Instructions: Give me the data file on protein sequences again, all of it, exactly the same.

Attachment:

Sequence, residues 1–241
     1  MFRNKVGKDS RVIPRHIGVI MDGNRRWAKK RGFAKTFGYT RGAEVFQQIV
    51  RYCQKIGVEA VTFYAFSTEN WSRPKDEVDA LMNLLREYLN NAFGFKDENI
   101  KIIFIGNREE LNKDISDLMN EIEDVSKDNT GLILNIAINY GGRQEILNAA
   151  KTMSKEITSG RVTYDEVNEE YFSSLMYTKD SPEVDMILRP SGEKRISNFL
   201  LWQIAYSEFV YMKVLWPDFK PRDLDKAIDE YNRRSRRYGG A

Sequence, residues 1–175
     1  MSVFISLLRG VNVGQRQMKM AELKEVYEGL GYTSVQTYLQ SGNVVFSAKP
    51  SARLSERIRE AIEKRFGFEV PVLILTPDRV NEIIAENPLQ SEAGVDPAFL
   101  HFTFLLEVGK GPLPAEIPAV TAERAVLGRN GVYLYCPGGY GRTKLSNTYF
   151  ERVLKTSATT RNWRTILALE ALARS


Sequence, residues 1–241
     1  MFRNKVGKDS RVIPRHIGVI MDGNRRWAKK RGFAKTFGYT RGAEVFQQIV
    51  RYCQKIGVEA VTFYAFSTEN WSRPKDEVDA LMNLLREYLN NAFGFKDENI
   101  KIIFIGNREE LNKDISDLMN EIEDVSKDNT GLILNIAINY GGRQEILNAA
   151  KTMSKEITSG RVTYDEVNEE YFSSLMYTKD SPEVDMILRP SGEKRISNFL
   201  LWQIAYSEFV YMKVLWPDFK PRDLDKAIDE YNRRSRRYGG A

Sequence, residues 1–175
     1  MSVFISLLRG VNVGQRQMKM AELKEVYEGL GYTSVQTYLQ SGNVVFSAKP
    51  SARLSERIRE AIEKRFGFEV PVLILTPDRV NEIIAENPLQ SEAGVDPAFL
   101  HFTFLLEVGK GPLPAEIPAV TAERAVLGRN GVYLYCPGGY GRTKLSNTYF
   151  ERVLKTSATT RNWRTILALE ALARS